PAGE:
Scheme due to open this week

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Keltbray and Lendlease are among the firms working to build a temporary carpark for the Nightingale hospital at the ExCel Centre in east London.

Keltbray has been working to prepare land and build a surface car park for around 2,000 cars, close to the temporary hospital.

The firm deployed machines to the area on Sunday evening, with a team starting on site Monday.

The wider project team includes with Wilson James and the Royal Engineers.

While the full project team for the 4,000-bed hospital being built in the exhibition centre has not been confirmed architect BDP and another contractor Midas are understood to both have roles on the project which is due to open its door this week.

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Outside London the health department has revealed plans to build NHS Nightingale hospitals in Birmingham, Manchester, Cardiff, Glasgow and Belfast.

Interserve, Bam and Vinci are among the firms building the emergency hospitals across the UK to care for covid-19 patients.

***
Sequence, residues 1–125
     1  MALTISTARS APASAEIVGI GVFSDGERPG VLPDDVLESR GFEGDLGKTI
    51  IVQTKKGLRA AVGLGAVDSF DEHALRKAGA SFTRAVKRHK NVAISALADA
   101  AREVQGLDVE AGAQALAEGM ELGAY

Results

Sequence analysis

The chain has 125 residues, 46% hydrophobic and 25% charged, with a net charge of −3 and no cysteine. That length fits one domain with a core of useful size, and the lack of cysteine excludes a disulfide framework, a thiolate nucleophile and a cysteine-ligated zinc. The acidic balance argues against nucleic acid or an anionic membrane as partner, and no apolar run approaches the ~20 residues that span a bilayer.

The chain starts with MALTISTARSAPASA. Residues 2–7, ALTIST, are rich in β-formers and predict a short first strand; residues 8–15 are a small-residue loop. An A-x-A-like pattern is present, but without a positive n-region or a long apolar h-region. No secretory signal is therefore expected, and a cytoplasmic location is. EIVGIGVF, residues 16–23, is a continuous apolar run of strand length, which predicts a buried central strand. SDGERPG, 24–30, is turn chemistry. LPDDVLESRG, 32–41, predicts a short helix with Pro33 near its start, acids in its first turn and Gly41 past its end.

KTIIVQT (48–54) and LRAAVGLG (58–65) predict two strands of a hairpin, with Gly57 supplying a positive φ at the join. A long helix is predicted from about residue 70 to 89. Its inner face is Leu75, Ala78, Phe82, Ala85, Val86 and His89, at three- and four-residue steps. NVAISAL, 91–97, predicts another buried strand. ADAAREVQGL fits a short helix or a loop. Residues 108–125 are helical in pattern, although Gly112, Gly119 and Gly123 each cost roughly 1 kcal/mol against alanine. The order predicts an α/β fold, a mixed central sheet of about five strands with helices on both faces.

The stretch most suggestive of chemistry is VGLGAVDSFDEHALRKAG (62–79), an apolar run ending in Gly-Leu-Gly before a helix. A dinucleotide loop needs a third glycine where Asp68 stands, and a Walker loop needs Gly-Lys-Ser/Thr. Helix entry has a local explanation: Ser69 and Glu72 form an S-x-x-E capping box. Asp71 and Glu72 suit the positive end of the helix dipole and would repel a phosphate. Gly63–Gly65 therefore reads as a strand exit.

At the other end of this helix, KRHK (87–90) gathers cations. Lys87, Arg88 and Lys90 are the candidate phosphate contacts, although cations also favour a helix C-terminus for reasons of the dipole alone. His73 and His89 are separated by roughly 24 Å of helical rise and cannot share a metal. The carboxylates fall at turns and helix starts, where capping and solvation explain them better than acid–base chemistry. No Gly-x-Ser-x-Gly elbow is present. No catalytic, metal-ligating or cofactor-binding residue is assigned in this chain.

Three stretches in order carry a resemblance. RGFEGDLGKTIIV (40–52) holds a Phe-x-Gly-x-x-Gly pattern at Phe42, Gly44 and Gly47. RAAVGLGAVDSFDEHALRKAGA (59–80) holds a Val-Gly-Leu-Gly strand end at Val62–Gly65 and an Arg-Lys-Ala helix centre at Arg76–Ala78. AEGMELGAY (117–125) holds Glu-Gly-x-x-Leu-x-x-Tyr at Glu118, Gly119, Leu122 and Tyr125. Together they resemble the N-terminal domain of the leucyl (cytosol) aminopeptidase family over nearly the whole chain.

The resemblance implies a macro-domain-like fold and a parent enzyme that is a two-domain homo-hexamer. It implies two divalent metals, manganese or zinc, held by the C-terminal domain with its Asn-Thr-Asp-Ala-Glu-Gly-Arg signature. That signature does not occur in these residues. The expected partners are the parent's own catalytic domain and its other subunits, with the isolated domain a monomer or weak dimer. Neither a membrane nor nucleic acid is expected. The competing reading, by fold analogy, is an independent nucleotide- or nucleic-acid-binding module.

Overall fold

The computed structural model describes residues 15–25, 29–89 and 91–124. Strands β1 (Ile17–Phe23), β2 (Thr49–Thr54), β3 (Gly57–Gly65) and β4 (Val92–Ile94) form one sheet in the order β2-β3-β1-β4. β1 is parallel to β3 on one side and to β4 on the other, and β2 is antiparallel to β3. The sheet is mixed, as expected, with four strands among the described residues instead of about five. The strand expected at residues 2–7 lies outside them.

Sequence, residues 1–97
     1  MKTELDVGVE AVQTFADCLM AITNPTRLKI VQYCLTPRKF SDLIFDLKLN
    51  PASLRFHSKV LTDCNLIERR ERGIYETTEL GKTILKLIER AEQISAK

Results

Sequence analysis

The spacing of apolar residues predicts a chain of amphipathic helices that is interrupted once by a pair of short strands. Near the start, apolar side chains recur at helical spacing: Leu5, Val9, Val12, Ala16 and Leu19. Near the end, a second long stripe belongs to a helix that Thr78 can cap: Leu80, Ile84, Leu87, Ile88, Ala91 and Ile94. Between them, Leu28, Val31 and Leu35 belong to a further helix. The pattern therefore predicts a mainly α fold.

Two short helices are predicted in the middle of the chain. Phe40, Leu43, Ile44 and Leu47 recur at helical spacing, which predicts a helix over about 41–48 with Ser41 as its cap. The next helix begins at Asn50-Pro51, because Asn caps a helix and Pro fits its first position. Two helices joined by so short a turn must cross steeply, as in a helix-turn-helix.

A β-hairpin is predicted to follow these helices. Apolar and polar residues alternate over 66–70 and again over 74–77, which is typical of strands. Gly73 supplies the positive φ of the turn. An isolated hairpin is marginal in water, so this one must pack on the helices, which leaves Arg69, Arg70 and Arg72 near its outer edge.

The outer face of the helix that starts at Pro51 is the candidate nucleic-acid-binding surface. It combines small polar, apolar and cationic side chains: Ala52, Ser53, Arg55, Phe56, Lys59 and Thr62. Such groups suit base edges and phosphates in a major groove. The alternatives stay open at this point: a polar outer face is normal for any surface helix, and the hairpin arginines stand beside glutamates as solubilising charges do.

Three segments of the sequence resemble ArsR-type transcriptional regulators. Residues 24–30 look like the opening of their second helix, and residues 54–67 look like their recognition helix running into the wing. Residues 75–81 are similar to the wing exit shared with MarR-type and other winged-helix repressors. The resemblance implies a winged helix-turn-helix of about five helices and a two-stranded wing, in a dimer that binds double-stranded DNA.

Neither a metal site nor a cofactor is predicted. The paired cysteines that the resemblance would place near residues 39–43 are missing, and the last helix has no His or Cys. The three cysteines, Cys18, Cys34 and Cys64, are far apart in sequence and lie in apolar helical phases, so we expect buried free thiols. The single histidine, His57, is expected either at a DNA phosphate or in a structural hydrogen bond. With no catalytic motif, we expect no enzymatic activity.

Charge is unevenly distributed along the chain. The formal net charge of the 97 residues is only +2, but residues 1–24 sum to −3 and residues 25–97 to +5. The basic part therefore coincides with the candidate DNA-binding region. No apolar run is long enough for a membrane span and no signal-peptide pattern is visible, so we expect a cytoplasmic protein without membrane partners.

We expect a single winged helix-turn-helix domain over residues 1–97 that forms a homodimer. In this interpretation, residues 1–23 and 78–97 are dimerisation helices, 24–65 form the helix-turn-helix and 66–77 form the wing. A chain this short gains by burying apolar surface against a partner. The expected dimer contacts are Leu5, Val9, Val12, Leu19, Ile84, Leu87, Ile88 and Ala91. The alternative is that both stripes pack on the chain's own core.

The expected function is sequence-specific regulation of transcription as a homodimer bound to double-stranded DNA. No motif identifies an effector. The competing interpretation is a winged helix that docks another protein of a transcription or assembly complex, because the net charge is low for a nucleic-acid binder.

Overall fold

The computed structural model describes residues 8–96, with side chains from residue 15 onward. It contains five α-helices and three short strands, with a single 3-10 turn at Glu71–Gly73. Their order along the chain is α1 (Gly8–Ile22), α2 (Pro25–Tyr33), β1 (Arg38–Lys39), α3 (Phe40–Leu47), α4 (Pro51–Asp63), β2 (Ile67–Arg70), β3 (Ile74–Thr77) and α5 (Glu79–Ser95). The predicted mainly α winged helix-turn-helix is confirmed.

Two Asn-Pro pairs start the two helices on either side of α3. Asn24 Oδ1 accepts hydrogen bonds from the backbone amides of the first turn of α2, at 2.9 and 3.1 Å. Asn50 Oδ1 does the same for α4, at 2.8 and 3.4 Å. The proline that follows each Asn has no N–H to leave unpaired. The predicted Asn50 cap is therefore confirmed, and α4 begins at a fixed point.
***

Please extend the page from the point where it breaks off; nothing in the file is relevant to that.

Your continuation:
Interserve has confirmed it is building the Birmingham ward, which will be housed within the NEC centre.

A company spokesperson added: “As the principal contractor Interserve will be responsible for creating clinical space for 600 beds with further phases to accommodate 4,000 beds in total. Interserve will also build a drive-through covid-19 testing centre.”

Building understands Vinci is constructing the Manchester ward in the Manchester Central Convention Complex, while Bam has said it was mobilising to build two emergency wards – though did not confirm where.

A spokesperson for Bam said work on the two new wards was underway and they will be up and running by the end of the week.

The department of health said the network of new facilities has been procured through the p22 framework in England, which also includes Kier, Galliford Try and IHP, a JV between Vinci and Robert McAlpine.

The framework was originally meant to run out this year but has been extended by up to 12 months to help support the NHS through the coronavirus pandemic.